Former officer who left a woman in a car to be hit by a train in Colorado receives parole | Colorado | ET REALITY

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A former Colorado police officer who put a handcuffed woman in a parked police vehicle that was hit by a freight train, causing serious injuries, has avoided a prison sentence and must serve 30 months on supervised probation.

Jordan Steinke, 29, was sentenced Friday by Weld County District Court Judge Timothy Kerns, who found her guilty of reckless endangerment and assault for the Sept. 16, 2022, crash near Platteville. Kerns acquitted the former Fort Lupton police officer of criminal attempt to commit involuntary manslaughter after her trial in July.

Kerns said he had planned to sentence Steinke to prison, but changed his mind after both prosecutors and defense attorneys requested a sentence of probation, the Denver Post reported.

“Someone will hear this and say, ‘Another officer is getting out,’” Kerns said. “Those are not the facts of this case.”

He ordered Steinke to perform 100 hours of community service. And if he violates the terms of his probation, “I will remember my original gut response about how to approach the sentence,” Kerns warned.

Steinke, who cried during the sentencing hearing, apologized to Yareni Ríos-González, who attended the hearing virtually.

“What happened that night has haunted me for 364 days,” Steinke said. “I remember your cries and your screams.”

Steinke said he hoped to fulfill part of his community service by giving educational talks to new police officers about the dangers of railroad tracks and the importance of officers being aware of their surroundings.

Platteville Police Sergeant Pablo Vazquez then detained Rios Gonzalez after a road rage incident involving a gun. Steinke detained her and locked her in Vázquez’s police vehicle, which was parked on the train tracks. A train collided with the SUV.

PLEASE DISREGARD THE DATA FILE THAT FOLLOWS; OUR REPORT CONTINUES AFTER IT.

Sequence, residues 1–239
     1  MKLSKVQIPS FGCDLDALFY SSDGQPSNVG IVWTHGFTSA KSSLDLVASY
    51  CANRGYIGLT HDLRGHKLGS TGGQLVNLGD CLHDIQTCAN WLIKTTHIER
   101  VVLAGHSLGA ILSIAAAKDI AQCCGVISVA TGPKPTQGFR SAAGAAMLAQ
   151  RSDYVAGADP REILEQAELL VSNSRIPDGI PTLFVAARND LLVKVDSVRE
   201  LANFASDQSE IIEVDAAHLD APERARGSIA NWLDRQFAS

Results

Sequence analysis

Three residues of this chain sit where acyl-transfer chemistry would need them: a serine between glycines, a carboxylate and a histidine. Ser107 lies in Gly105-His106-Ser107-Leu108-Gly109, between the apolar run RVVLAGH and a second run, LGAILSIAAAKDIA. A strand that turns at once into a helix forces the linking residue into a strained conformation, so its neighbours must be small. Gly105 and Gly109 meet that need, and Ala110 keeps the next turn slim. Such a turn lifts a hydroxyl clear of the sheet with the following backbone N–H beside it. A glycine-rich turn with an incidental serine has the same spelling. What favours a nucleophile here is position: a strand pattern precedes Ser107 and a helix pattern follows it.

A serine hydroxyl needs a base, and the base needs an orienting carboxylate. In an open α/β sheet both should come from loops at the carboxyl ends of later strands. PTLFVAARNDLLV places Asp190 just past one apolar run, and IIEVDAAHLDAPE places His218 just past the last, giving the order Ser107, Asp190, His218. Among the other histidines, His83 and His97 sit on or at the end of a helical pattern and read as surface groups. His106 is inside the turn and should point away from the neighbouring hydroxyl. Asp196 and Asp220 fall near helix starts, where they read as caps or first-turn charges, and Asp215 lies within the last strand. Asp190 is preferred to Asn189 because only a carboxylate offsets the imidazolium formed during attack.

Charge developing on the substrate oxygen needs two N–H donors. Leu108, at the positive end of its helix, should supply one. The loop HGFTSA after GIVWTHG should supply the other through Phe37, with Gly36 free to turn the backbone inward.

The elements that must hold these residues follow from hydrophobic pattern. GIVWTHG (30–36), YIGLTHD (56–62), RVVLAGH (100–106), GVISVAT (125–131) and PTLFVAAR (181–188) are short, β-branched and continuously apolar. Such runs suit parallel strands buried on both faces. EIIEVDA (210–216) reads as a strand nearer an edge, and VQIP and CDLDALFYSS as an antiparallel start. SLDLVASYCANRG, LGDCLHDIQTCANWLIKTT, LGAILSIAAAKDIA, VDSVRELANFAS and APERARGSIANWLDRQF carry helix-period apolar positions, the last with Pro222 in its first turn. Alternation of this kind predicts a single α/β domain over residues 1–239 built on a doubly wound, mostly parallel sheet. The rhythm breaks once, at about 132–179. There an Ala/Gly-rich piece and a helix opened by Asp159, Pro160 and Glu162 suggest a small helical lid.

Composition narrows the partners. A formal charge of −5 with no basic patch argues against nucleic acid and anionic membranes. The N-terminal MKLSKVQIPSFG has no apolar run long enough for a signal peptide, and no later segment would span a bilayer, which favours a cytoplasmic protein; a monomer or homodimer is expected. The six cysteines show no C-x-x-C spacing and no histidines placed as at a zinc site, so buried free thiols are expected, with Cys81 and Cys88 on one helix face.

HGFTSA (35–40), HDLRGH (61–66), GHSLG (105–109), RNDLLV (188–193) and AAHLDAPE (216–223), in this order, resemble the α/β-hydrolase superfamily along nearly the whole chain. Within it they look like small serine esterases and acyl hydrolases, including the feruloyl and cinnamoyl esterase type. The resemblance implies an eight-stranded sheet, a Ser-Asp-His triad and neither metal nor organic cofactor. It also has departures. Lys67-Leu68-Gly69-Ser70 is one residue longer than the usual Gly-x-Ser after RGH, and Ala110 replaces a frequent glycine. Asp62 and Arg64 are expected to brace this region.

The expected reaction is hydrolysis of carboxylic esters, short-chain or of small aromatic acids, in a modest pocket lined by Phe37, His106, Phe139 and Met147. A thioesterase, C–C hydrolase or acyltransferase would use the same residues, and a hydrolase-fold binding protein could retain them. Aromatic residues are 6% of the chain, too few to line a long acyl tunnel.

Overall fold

Ríos-González, who suffered a lasting brain injury and is still in pain, was not convinced how she wanted Steinke to be punished, attorney Chris Ponce said.

“The conflict that she feels is one in which every day she has to feel this pain,” Ponce said. “And she’s had to deal with (medical) appointments and her life changing so radically. And feeling upset, very upset about it, angry about it, but on the other hand, feeling something for Ms. Steinke and, I think, feeling real empathy for how she lost her career.”

Steinke was fired from the Fort Lupton Police Department after her conviction. She is expected to lose her peace officer standards and training certification, said her attorney, Mallory Revel, which means she will never be able to be a police officer again.

During Steinke’s trial, her defense attorneys said she did not know that Vazquez had parked his police vehicle on the tracks.

Vázquez still faces trial for his role in the accident. He has been charged with five counts of reckless endangerment for allegedly endangering Rios-Gonzalez, Steinke and three other people, as well as traffic violations, including prohibited parking.

Ríos González also filed a lawsuit against the police agencies involved.

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